Charlotte E. Ray, the first African American woman to practice law in the United States, was born on January 13, 1850 in New York City, New York. Ray spent her first years in New York City but by 1850 her parents had moved to Washington, D.C. where she entered the Institution for the Education of Colored Youth, the only school in the Washington, D.C. area that allowed African American girls to become pupils. Her ambition instead was to attend the Howard University's law school. Howard University's Law School, however, discouraged women from enrolling and Ray was forced to apply under the name “C.E. Ray” to disguise her gender. University officials reluctantly accepted her application. Ray matriculated at the law school for three years, from 1869 to 1872 where she concentrated on commercial law. Upon completion of the program in 1872 Ray became the first black woman to graduate from an American law school and receive a law degree. In fact she was only the third American woman of any race to complete law school.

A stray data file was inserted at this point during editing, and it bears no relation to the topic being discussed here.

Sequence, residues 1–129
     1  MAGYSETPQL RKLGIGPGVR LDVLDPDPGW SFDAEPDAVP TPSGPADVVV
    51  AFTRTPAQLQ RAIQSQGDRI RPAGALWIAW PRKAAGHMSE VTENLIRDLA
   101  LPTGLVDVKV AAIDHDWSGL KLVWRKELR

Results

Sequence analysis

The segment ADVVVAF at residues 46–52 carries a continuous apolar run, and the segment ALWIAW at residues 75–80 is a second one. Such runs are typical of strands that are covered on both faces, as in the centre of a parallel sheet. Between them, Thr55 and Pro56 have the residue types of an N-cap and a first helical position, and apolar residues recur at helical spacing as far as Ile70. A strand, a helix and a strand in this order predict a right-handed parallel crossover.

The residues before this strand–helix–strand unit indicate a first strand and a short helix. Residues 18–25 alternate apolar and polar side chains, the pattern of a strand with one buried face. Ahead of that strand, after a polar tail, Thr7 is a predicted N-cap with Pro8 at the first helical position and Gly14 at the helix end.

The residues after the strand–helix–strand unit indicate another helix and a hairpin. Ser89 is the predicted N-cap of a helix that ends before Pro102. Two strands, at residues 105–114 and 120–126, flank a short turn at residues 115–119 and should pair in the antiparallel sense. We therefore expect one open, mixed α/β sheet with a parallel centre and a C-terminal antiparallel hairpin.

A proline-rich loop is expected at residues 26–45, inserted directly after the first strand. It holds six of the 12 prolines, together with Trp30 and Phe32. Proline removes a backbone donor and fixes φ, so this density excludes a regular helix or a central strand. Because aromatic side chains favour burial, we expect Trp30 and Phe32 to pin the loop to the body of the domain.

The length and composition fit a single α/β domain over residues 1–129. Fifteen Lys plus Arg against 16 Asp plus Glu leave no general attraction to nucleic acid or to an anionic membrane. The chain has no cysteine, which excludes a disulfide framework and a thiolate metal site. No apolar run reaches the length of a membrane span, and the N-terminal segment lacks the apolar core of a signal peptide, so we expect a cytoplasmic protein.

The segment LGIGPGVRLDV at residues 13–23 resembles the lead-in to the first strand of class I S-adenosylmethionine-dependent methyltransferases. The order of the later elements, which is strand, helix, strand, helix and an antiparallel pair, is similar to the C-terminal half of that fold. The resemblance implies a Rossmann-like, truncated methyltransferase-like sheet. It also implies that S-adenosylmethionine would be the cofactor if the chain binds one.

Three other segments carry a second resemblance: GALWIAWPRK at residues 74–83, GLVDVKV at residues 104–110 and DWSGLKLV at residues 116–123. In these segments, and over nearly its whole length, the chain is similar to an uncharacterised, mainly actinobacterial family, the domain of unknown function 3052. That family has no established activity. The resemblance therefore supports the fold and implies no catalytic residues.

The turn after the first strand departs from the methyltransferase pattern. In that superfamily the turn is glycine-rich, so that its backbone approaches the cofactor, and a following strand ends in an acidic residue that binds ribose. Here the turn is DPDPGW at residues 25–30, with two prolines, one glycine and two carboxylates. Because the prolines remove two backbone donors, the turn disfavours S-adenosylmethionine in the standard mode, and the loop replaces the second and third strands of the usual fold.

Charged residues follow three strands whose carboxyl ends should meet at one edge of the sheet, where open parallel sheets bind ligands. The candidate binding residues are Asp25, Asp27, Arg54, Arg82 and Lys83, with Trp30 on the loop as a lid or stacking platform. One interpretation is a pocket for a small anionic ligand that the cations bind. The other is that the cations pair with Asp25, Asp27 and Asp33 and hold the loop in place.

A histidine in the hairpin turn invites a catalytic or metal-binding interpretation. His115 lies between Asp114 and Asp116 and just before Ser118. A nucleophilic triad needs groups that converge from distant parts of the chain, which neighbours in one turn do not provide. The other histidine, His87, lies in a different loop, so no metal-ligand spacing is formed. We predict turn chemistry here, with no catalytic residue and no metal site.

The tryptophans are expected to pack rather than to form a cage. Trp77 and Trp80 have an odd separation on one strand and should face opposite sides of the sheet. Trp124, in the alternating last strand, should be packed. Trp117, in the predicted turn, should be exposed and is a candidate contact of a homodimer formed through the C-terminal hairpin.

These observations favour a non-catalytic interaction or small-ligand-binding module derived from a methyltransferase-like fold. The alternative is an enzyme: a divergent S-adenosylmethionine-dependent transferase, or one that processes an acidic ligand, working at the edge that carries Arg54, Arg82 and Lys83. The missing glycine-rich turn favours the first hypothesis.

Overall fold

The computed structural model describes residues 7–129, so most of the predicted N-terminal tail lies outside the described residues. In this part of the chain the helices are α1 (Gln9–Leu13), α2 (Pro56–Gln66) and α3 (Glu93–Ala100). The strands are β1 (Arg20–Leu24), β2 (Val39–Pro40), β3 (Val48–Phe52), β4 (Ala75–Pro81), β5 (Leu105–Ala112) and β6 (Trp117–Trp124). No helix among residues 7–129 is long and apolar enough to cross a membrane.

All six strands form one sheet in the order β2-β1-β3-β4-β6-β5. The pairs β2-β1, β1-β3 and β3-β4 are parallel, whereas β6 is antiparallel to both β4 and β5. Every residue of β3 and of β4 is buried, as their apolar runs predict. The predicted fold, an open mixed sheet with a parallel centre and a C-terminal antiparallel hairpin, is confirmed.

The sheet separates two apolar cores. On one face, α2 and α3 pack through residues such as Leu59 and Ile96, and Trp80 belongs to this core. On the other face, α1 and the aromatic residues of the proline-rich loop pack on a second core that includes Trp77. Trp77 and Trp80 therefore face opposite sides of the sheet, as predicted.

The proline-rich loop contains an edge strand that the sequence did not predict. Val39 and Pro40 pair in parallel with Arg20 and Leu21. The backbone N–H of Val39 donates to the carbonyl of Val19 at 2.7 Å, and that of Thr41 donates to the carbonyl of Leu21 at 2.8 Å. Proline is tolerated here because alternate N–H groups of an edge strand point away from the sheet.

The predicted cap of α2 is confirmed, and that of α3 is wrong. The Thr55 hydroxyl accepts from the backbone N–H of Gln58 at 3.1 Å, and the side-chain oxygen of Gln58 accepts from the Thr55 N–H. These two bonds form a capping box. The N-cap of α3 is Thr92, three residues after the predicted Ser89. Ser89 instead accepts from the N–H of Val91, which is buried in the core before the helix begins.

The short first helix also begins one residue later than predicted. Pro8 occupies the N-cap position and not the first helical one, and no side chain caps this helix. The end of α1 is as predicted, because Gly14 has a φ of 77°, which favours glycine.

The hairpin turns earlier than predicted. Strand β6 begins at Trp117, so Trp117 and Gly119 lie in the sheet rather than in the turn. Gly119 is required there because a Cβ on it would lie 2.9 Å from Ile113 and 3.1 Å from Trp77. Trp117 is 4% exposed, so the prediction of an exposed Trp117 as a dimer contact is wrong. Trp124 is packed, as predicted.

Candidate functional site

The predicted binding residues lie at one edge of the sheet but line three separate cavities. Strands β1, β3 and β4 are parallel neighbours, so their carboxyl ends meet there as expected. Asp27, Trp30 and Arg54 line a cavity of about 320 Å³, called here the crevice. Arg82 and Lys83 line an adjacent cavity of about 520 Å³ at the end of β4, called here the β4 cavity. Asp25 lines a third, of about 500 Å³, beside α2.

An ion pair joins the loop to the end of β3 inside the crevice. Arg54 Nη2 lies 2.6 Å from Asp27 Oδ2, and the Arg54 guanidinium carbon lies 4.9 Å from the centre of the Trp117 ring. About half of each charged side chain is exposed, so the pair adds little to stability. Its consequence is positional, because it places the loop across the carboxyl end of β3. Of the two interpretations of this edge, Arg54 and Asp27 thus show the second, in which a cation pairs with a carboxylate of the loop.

Bayard Rustin, Civil Rights Activist

Bayard Rustin was a civil rights organizer and activist, best known for his work as adviser to Martin Luther King Jr. in the 1950s and '60s. Bayard Rustin was born in West Chester, Pennsylvania, on March 17, 1912. A master strategist and tireless activist, Bayard Rustin is best remembered as the organizer of the 1963 March on Washington, one of the largest nonviolent protests ever held in the United States. Combining non-violent resistance with organizational skills, he was a key adviser to Martin Luther King Jr. in the 1960s. Though he was arrested several times for his own civil disobedience and open homosexuality, he continued to fight for equality.

Vilma Socorro Martinez, Attorney

Vilma S. Martínez was the first woman to serve as U.S. ambassador to Argentina. She has a long history of straddling the worlds of corporate boardrooms and legal defense of minorities.  One of the leading voices in Hispanic civil rights since the 1970s, Martínez has run the Mexican American Legal Defense and Educational Fund (MALDEF) and been a part of legal fights on behalf of both documented and undocumented immigrants from Latin America.